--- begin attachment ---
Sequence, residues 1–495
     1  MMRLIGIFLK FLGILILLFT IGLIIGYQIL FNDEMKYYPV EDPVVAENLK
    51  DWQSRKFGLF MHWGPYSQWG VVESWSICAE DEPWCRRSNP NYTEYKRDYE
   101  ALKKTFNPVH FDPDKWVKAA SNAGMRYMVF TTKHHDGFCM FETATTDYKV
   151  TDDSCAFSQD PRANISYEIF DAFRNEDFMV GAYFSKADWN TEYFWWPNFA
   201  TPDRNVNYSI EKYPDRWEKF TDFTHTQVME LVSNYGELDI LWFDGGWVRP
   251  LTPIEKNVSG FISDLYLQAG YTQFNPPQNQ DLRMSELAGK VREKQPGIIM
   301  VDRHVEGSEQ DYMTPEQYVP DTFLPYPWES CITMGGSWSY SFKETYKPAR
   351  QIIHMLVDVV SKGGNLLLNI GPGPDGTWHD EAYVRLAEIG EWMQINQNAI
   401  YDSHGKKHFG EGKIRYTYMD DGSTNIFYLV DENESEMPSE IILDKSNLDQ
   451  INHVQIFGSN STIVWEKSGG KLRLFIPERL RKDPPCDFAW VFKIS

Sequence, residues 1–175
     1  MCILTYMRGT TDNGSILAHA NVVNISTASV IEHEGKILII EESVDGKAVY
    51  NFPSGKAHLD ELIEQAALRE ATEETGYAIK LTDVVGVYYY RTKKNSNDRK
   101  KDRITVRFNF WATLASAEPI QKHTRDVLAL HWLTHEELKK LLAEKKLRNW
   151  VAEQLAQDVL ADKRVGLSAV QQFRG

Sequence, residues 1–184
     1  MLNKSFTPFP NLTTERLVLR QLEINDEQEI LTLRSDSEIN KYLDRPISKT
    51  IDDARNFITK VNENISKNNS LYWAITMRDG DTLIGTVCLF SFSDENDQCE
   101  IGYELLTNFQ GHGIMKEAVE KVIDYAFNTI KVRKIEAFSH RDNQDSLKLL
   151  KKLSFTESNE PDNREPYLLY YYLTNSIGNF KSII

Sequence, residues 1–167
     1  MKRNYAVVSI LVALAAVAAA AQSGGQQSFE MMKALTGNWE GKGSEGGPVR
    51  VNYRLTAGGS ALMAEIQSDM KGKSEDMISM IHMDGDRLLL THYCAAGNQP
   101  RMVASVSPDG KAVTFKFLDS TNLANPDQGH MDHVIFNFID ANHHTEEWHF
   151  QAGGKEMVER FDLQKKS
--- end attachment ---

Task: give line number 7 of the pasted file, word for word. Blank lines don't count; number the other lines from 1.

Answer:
   251  LTPIEKNVSG FISDLYLQAG YTQFNPPQNQ DLRMSELAGK VREKQPGIIM